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dc.contributor.authorMorcillo de Amuedo, Fernando
dc.contributor.authorGonzález Muñoz, María Teresa 
dc.contributor.authorReitz, Thomas
dc.contributor.authorRomero González, María Esther 
dc.contributor.authorArias Peñalver, José María
dc.contributor.authorMerroun, Mohamed Larbi 
dc.date.accessioned2014-03-26T10:49:16Z
dc.date.available2014-03-26T10:49:16Z
dc.date.issued2014
dc.identifier.citationMorcillo, F.; et al. Biosorption and Biomineralization of U(VI) by the Marine Bacterium Idiomarina loihiensis MAH1: Effect of Background Electrolyte and pH. Plos One, 9(3): e91305 (2012). [http://hdl.handle.net/10481/31122]es_ES
dc.identifier.issn1932-6203
dc.identifier.otherdoi: 10.1371/journal.pone.0091305
dc.identifier.urihttp://hdl.handle.net/10481/31122
dc.description.abstractThe main goal of this study is to compare the effects of pH, uranium concentration, and background electrolyte (seawater and NaClO4 solution) on the speciation of uranium(VI) associated with the marine bacterium Idiomarina loihiensis MAH1. This was done at the molecular level using a multidisciplinary approach combining X-ray Absorption Spectroscopy (XAS), Time-Resolved Laser-Induced Fluorescence Spectroscopy (TRLFS), and High Resolution Transmission Electron Microscopy (HRTEM). We showed that the U(VI)/bacterium interaction mechanism is highly dependent upon pH but also the nature of the used background electrolyte played a role. At neutral conditions and a U concentration ranging from 5·10−4 to 10−5 M (environmentally relevant concentrations), XAS analysis revealed that uranyl phosphate mineral phases, structurally resembling meta-autunite [Ca(UO2)2(PO4)2 2–6H2O] are precipitated at the cell surfaces of the strain MAH1. The formation of this mineral phase is independent of the background solution but U(VI) luminescence lifetime analyses demonstrated that the U(VI) speciation in seawater samples is more intricate, i.e., different complexes were formed under natural conditions. At acidic conditions, pH 2, 3 and 4.3 ([U] = 5·10−4 M, background electrolyte = 0.1 M NaClO4), the removal of U from solution was due to biosorption to Extracellular Polysaccharides (EPS) and cell wall components as evident from TEM analysis. The LIII-edge XAS and TRLFS studies showed that the biosorption process observed is dependent of pH. The bacterial cell forms a complex with U through organic phosphate groups at pH 2 and via phosphate and carboxyl groups at pH 3 and 4.3, respectively. The differences in the complexes formed between uranium and bacteria on seawater compared to NaClO4 solution demonstrates that the actinide/microbe interactions are influenced by the three studied factors, i.e., the pH, the uranium concentration and the chemical composition of the solution.es_ES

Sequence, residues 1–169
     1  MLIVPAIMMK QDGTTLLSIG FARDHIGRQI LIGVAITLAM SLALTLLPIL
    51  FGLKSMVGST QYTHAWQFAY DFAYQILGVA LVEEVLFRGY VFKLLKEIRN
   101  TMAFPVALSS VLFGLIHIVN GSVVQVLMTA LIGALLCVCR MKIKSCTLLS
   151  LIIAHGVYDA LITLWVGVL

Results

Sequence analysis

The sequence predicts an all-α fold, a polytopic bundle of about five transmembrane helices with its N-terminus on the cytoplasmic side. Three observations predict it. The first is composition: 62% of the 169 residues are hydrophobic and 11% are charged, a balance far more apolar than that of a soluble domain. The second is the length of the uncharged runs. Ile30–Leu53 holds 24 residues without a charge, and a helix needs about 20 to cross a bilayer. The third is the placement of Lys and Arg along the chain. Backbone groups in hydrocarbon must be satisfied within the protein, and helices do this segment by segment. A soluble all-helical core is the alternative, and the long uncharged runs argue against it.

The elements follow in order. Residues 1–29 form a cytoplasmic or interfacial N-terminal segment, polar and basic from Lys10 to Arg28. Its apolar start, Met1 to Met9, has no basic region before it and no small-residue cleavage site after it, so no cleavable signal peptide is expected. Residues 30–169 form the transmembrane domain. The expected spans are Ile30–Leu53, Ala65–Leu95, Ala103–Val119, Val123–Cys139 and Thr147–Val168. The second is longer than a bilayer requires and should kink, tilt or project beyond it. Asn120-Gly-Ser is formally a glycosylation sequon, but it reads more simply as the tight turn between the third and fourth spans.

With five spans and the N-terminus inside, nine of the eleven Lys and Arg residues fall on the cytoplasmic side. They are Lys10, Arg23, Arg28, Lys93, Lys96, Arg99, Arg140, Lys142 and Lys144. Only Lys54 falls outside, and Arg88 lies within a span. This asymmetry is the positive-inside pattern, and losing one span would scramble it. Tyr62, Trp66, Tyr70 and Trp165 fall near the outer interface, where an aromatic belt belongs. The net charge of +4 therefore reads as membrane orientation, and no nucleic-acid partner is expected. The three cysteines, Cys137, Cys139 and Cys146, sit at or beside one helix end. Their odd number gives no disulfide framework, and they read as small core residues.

dc.description.sponsorshipThis work was funded by the grants CGL2009-09760 and CGL2012-36505 (Ministerio de Ciencia e Innovación), and RNM 3943 (Junta de Andalucía), Spain.es_ES
dc.language.isoenges_ES
dc.publisherPublic Library of Science (PLOS)es_ES
dc.rightsCreative Commons Attribution-NonCommercial-NoDerivs 3.0 License
dc.rights.urihttp://creativecommons.org/licenses/by-nc-nd/3.0/
dc.subjectAbsorption spectroscopyes_ES
dc.subjectBacteria es_ES
dc.subjectLuminescence es_ES
dc.subjectMarine bacteriaes_ES
dc.subjectPhosphateses_ES
dc.subjectSea wateres_ES
dc.subjectSpeciationes_ES
dc.subjectUraniumes_ES
dc.titleBiosorption and Biomineralization of U(VI) by the Marine Bacterium Idiomarina loihiensis MAH1: Effect of Background Electrolyte and pHes_ES
dc.typeinfo:eu-repo/semantics/articlees_ES
dc.rights.accessRightsinfo:eu-repo/semantics/openAccesses_ES


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